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Bill Frisell: Bill Frisell, Ron Carter, Paul Motian

Bill Frisell

In Paul Motian’s spacious, bassless trio with Joe Lovano and Bill Frisell, the guitarist adopts a fluid role in which he easily, organically morphs from pianistic comping to playing contrapuntal lines with Lovano to occasionally filling in bass lines by detuning his low E string and deftly putting up low-end ostinatos on his repeat pedal (tweaked down an octave lower at half speed).

Frisell’s other key function in Motian’s ethereal trio is that of resident sonic provocateur, whereby he contributes dreamlike textures with his masterful command of swirling loops and backward effects. In this context, where time is oblique and largely implied rather than overtly stated, the music is characterized by a series of ellipses, dashes and exclamation points rather than standard units of rhythm, harmony and melody.

In this dream trio, Frisell takes a more strictly guitaristic approach as Motian resorts to more conventional timekeeping methods and Carter walks in his inimitable fashion with formidable tones and flawless time-feel. The band opens with a version of Carter’s bluesy boogaloo “Eighty-One” that is eminently more serene than the Miles Davis quintet’s version from 1965’s E.S.P. On the middle swing section, the bassist provides the forward moment and Motian keeps loose time as Frisell comps, letting chords and glistening arpeggios hang in the air and jangle. Carter offers a superb bass solo here while Motian’s drum solo is full of the kind of eccentric punctuations that mark his playing in his own trio.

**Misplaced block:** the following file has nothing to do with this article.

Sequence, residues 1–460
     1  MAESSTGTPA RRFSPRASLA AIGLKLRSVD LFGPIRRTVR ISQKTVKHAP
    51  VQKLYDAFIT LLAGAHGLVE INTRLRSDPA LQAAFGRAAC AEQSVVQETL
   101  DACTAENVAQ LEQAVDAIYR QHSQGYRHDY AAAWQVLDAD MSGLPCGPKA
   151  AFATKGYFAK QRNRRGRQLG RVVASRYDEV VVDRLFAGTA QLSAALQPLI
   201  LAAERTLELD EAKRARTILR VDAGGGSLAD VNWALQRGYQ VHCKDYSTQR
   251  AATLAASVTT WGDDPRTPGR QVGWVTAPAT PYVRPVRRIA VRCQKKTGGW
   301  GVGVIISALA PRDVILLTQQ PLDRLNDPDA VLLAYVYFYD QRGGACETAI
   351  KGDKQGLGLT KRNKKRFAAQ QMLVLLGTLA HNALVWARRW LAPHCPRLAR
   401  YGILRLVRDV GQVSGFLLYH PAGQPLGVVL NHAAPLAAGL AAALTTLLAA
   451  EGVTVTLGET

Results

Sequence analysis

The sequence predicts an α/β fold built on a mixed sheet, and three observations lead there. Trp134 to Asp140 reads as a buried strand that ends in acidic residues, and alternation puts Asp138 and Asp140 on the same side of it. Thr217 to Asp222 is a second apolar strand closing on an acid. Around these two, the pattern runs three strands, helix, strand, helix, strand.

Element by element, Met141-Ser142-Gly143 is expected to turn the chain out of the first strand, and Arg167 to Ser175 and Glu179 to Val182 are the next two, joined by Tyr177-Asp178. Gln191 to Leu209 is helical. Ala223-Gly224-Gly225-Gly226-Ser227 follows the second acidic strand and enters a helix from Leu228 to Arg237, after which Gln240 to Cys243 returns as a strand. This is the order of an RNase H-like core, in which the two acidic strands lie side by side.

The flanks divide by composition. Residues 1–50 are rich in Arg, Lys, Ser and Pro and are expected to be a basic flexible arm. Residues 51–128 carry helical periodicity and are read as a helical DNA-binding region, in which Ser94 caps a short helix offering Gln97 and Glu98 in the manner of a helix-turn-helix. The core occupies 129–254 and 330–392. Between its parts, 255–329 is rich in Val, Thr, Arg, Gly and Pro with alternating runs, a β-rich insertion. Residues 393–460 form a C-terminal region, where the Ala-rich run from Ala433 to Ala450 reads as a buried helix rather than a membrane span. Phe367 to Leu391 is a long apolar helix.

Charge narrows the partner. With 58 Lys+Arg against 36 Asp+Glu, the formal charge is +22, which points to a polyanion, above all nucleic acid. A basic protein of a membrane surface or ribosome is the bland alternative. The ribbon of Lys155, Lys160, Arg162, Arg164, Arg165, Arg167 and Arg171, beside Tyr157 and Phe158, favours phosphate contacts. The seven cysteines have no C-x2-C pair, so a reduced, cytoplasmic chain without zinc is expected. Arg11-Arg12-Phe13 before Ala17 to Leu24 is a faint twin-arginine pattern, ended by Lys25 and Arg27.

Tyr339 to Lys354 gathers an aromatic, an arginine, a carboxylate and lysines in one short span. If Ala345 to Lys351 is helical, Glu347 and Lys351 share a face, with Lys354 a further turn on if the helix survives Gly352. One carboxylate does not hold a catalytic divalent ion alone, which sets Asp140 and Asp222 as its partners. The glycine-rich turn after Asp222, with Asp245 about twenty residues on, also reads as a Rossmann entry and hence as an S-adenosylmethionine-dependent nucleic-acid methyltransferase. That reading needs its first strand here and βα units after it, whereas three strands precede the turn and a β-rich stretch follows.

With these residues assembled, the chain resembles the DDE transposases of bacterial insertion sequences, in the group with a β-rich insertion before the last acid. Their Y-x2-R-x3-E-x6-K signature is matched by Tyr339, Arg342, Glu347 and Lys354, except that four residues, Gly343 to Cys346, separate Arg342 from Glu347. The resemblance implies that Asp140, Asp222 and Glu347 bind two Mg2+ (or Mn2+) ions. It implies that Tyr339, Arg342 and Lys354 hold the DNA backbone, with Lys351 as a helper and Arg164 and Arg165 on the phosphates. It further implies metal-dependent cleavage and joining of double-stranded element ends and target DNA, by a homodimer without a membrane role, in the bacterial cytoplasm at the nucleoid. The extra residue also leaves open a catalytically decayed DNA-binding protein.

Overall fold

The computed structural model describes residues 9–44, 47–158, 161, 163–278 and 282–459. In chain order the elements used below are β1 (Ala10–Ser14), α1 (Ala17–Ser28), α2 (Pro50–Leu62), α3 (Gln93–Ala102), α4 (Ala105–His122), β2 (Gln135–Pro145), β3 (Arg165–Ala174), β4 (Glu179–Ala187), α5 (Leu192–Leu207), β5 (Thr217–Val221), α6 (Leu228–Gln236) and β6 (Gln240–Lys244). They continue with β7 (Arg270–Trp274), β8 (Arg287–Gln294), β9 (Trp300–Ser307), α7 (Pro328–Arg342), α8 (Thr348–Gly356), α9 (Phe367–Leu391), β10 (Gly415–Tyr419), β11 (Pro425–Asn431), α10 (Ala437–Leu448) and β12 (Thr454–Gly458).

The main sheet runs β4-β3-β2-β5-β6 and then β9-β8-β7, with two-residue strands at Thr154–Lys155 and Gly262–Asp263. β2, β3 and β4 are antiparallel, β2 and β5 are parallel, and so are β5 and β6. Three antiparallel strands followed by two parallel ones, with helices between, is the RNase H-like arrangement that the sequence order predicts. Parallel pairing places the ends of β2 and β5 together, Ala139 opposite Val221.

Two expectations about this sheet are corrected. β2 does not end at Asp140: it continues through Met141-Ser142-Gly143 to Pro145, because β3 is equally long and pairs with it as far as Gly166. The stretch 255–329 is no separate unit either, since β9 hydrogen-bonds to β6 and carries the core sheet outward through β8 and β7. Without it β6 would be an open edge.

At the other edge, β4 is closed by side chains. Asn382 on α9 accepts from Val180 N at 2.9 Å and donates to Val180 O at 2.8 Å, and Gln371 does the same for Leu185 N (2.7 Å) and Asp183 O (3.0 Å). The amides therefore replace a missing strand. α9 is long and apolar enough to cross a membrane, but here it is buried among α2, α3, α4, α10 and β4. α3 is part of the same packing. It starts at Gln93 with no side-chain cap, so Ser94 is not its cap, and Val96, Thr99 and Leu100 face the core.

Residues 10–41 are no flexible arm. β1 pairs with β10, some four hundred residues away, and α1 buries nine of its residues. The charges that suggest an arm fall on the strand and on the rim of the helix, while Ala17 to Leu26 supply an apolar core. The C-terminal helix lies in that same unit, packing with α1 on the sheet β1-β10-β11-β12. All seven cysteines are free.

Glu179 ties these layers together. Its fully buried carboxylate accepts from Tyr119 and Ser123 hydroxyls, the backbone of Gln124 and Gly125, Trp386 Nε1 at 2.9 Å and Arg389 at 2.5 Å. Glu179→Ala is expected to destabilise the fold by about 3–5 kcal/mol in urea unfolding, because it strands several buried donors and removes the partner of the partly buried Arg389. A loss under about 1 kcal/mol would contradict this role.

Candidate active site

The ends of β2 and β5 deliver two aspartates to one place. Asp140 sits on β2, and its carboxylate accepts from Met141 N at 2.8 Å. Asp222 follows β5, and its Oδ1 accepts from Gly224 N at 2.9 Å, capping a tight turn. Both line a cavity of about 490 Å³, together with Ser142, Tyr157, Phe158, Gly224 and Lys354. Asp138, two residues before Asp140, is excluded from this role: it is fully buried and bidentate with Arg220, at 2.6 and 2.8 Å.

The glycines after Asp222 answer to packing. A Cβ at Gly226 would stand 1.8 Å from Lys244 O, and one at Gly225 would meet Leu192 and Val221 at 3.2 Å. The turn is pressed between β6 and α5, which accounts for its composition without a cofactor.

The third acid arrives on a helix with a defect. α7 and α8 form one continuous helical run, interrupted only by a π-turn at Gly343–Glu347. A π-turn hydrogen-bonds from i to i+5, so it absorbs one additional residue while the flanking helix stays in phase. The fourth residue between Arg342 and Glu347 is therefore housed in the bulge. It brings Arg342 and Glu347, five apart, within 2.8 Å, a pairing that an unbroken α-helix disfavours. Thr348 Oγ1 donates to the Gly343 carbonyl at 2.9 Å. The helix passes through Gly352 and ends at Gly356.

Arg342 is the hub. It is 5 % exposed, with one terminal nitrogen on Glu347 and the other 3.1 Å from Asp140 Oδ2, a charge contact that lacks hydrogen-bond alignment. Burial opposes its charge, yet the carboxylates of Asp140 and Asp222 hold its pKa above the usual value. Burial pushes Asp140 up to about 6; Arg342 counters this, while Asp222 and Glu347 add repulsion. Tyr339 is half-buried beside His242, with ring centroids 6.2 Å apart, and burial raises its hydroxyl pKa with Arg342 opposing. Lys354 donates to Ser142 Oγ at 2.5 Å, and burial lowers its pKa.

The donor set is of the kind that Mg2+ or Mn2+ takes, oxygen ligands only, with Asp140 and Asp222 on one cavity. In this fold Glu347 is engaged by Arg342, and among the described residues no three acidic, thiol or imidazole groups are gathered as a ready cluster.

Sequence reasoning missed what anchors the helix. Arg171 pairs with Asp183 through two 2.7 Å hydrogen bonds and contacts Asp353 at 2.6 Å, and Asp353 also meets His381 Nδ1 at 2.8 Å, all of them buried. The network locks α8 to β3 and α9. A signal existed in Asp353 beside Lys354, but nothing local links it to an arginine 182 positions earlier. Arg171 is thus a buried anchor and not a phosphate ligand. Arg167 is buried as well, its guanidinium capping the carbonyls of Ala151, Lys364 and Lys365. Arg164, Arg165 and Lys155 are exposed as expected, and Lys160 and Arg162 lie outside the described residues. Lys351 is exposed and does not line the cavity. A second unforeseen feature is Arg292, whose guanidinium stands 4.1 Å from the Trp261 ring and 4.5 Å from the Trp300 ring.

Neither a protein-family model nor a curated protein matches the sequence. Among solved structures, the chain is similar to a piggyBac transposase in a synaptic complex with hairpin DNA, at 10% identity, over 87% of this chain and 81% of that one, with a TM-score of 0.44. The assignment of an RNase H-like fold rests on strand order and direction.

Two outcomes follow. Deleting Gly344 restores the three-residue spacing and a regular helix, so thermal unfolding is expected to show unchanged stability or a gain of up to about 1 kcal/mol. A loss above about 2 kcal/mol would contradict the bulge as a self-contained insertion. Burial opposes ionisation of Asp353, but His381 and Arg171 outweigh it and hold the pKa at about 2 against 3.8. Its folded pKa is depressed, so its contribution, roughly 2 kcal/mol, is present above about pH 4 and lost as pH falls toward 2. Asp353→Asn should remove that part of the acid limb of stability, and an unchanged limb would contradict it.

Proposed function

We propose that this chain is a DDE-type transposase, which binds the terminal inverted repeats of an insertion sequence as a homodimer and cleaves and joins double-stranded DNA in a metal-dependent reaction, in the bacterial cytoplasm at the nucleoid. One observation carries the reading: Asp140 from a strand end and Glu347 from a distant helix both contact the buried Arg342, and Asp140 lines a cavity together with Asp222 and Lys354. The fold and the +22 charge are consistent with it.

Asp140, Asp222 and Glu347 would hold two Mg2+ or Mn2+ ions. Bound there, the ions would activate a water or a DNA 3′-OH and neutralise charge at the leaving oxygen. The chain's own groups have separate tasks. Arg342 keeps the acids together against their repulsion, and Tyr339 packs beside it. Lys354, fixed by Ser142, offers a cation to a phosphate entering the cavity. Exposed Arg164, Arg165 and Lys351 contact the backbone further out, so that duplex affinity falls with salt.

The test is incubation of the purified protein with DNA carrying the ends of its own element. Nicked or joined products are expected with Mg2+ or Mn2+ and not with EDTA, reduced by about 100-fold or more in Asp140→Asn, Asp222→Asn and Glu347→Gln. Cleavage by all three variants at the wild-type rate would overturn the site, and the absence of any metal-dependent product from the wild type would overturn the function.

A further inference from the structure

A haunting, bittersweet rendition of Jimmie “The Singing Governor” Davis’ country anthem “You Are My Sunshine” has Motian setting a fragile tone with signature rubato brushwork at the outset. As the piece takes on an easy, midtempo swing feel with Motian still on brushes, Carter lays down roots as the guitarist applies a dappled touch with gorgeous chordal voicings. Frisell’s use of harmonics and tasty reharmonization here is magical, and his organic, unhurried sense of melodic development is a page out of the Sonny Rollins book on improvising.

The guitarist’s chordal voicings and pianistic comping style on the noirish “Worse and Worse” are quintessential Frisell, while his buoyant playing on a jazzy treatment of “On the Street Where You Live” (from the Lerner and Loewe musical My Fair Lady) is part Jim Hall, part Chet Atkins. Carter also turns in an outstanding bass solo against Motian’s slick, Papa Jo Jones-style hi-hat work.

Frisell’s “Monroe,” his ode to bluegrass pioneer Bill Monroe, is a waltz-time ditty paced by Motian’s lightly swinging touch and underscored by Carter’s huge, sparse tones shoring up the bottom end. The trio’s take on Monk’s “Misterioso” is loose, playfully interactive and full of sweet-and-sour touches from Frisell, the guitarist most capable of approximating the spirit of Monk’s jagged, unpredictable phrasing. Carter’s playing here is brilliant and marked by impeccable intonation and soulful phrasing. (Catch his quote from John Lewis’ “The Golden Striker” near the end of his solo.)

The band closes the collection on a poignant note with a forlorn reading of Hank Williams’ “I’m So Lonesome I Could Cry,” which is underscored by Motian’s Zenlike touch with brushes, Carter’s deep blue groove and marked by Frisell’s haunting reharmonizations, bluesy flourishes and heartfelt lyricism.

Originally Published